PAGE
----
On Twitter, I saw a tiny news clipping about an autistic child pulled out of a New Brunswick school. I didn’t pay much attention even though I was curious why a child being pulled out of school would make the news. Now, Harold L. Doherty of Facing Autism in New Brunswick comments on the story. As I already feared, the child, Jean-Michel, was removed from school because of having been secluded there.
As I have said a million times by now already, seclusion should not be used unless a child poses an immediate, physical threat to themself or someone else and absolutely no alternative can be used. It is not mentioned whether Jean-Michel posed such a threat, but it is likely that he didn’t. Meltdowns can be disturbing, but they don’t need to involve physical aggressiveness. More likely, Jean-Michel was thought to be distressing to the class with his fits.
Jean-Michel himself makes an important point, when he says that you don’t go to an isolation room, you go to the office. Had he not been autistic, that is where he would’ve been sent for disturbing the class, and rightfully so. Why is it that different punishments are used when a disabled child is concerned?
Besides, even if this behavior was so disturbed that a regular office detention would not be an option, have alternative solutions been explored. We do not know this. All we know is that the parents agreed to the seclusion. It is quite possible that no proper educational and behavioral plan was in place, individualized to meet Jean-Michel’s needs.
Harold Doherty goes on to discuss the possibility that some children with disabilities should not be in integrated classrooms. I have mixed thoughts here. On the one hand, special edcuation is not inherently and principly wrong, provided children are given a quality education in line with their needs. Special education as a dustbin for undesirable children, however, is not acceptable. Neither is the currently inevitable connection between special ed and poor academics. This child has Asperger’s Syndrome, which most likely means his academic skills are at or near grade level. If he were pushed into special ed as an alternative for the isolation room or the presumably unsuitable regular classroom, it should’ve been made sure that he got a quality education there.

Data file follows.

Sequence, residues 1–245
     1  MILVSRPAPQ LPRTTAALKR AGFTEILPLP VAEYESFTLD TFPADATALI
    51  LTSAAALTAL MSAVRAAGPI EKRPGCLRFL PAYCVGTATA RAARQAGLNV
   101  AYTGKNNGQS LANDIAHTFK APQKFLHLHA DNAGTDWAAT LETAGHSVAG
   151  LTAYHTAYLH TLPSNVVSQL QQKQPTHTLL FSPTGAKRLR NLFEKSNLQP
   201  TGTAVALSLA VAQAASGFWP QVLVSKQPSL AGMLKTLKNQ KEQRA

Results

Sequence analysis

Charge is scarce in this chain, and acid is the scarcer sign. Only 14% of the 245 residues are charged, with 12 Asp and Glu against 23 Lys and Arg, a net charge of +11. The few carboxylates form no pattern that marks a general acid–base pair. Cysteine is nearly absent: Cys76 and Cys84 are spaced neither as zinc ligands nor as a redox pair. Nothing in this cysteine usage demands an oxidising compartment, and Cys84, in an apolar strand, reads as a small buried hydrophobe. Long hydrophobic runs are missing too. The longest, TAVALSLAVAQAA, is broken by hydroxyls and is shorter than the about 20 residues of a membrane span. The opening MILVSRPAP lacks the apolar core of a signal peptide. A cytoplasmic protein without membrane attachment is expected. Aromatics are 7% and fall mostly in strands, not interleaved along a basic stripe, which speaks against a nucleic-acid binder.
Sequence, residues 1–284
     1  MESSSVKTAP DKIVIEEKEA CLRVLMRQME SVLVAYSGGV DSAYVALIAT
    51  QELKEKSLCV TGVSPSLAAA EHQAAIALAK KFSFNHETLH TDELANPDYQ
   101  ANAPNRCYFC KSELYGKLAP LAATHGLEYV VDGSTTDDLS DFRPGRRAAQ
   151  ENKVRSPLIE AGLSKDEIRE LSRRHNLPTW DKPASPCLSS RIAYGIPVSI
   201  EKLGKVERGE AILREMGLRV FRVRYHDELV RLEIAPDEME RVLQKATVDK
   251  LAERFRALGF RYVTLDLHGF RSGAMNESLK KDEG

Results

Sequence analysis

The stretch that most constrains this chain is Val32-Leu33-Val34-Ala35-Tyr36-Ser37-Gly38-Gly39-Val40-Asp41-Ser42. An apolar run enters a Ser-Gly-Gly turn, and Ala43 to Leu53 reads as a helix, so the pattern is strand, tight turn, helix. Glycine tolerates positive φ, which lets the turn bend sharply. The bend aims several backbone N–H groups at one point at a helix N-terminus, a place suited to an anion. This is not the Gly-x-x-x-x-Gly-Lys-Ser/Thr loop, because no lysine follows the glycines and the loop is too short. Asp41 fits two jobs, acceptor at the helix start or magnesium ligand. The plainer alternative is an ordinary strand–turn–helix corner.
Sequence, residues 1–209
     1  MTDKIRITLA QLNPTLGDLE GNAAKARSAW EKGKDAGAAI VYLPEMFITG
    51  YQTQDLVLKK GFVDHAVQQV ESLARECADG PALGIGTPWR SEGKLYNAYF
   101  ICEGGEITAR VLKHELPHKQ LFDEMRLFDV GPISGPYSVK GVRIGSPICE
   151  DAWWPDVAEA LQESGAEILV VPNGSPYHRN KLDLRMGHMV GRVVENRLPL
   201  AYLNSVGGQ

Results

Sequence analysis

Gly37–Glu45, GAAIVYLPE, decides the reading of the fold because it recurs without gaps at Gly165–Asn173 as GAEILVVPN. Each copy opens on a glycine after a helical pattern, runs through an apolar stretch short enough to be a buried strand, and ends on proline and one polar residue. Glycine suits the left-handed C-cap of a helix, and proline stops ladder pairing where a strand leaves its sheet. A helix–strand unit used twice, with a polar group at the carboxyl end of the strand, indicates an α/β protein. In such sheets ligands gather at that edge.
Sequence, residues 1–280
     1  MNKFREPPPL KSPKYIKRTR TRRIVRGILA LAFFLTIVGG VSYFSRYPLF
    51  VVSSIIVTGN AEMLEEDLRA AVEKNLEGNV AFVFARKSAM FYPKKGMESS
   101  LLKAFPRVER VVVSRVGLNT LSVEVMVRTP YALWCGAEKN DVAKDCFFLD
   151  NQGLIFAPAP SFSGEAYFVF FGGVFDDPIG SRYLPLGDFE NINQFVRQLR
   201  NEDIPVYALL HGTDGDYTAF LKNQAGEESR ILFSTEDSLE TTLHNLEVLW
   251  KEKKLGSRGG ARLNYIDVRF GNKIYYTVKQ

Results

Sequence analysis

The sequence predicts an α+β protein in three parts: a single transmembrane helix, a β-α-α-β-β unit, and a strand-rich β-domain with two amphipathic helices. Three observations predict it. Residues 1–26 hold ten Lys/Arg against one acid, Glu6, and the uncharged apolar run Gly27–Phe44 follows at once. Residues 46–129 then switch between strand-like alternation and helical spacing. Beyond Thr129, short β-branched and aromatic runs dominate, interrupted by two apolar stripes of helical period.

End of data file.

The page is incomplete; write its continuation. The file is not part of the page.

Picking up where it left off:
I don’t have a particular preference of where children with disabilities are educated. Both inclusive and segregated classrooms – provided children are given the opportunity to interact with non-disabled peers – have their advantages. However, it is key that children with disabilities are at all times provided with a quality education in a safe, non-abusive environment.
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